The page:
- Kennedy, R.W.
Faculty of Forestry, the University of British Columbia
As the raw material base for forest products manufacturing shifts from old-growth to short-rotation plantation stock, the wood from these younger trees will contain larger proportions of juvenile wood. This in turn will influence the quality of forest products obtained. The pattern of specific gravity variation in these trees, which varies among the five most important Pacific Northwest species group, is reviewed, and the nature of their differences is related to growth habit. The shade intolerance of some species is speculated to manifest itself in an early culmination of annual height inrement, after which specific gravity increases rapidly to a maximum. This is contrasted to shade-tolerant species, in which specific gravity may take several decades to attain a minimum value, followed by only moderate increases thereafter. In addition, faster growth rates in widely spaced plantation trees tend to depress specific gravity and advance the age at which these trees reach their minimum value, thereby compounding the overall wood density of deficit of short-rotation trees.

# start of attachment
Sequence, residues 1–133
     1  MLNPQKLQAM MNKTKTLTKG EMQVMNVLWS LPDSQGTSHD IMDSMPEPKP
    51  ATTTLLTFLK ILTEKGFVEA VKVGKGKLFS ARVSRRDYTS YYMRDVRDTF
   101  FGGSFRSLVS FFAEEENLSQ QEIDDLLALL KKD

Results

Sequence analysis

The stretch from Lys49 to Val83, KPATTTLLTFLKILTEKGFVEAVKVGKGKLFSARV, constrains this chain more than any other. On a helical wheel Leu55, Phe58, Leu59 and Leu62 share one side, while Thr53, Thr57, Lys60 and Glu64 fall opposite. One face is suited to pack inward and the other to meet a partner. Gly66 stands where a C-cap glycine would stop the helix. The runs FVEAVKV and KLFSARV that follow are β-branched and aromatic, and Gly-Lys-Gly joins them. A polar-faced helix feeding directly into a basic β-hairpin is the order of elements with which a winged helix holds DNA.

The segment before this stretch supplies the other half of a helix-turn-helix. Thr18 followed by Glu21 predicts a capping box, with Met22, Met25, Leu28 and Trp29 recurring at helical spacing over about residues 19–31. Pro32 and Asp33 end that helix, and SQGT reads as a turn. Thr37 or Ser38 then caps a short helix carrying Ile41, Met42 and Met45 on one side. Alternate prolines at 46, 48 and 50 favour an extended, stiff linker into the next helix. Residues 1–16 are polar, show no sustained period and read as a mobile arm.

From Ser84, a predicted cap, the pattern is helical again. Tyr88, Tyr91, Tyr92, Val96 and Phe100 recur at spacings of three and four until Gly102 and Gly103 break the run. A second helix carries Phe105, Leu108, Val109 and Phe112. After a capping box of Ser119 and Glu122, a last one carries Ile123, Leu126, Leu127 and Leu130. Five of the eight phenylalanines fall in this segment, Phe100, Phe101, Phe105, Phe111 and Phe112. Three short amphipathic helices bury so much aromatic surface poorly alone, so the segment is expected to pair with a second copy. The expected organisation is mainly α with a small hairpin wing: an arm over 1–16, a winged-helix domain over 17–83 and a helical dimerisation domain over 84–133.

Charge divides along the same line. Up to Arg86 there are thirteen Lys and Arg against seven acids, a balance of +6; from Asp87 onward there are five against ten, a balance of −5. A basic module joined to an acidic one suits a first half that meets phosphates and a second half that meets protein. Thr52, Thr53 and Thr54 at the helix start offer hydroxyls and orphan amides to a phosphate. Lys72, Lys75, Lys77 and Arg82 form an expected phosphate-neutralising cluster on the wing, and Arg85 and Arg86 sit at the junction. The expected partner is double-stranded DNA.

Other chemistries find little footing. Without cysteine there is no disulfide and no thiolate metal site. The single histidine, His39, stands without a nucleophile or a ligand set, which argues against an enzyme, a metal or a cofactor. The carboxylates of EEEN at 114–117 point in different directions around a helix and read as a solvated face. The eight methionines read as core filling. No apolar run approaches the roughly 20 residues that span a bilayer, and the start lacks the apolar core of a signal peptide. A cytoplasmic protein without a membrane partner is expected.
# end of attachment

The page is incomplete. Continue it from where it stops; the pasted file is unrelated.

Lower specific gravity, compounded with reduced lignin content in juvenile wood, negatively influences kraft pulp yield, but not pulp quality parameters such as sheet density, burst and tensile strength. Reduced wood density, coupled with larger fibril angles in juvenile wood, reduces average strength and stiffness of lumber from younger plantation trees. Mechanical stress rating needs to be adopted to segregate the strong, stiff material for engineered construction uses, because a large proportion of visually graded lumber from juvenile wood zones will not meet currently assigned stress values. Mechanical stress rating can ensure a continued stream of appropriate engineering grades from future tree supplies.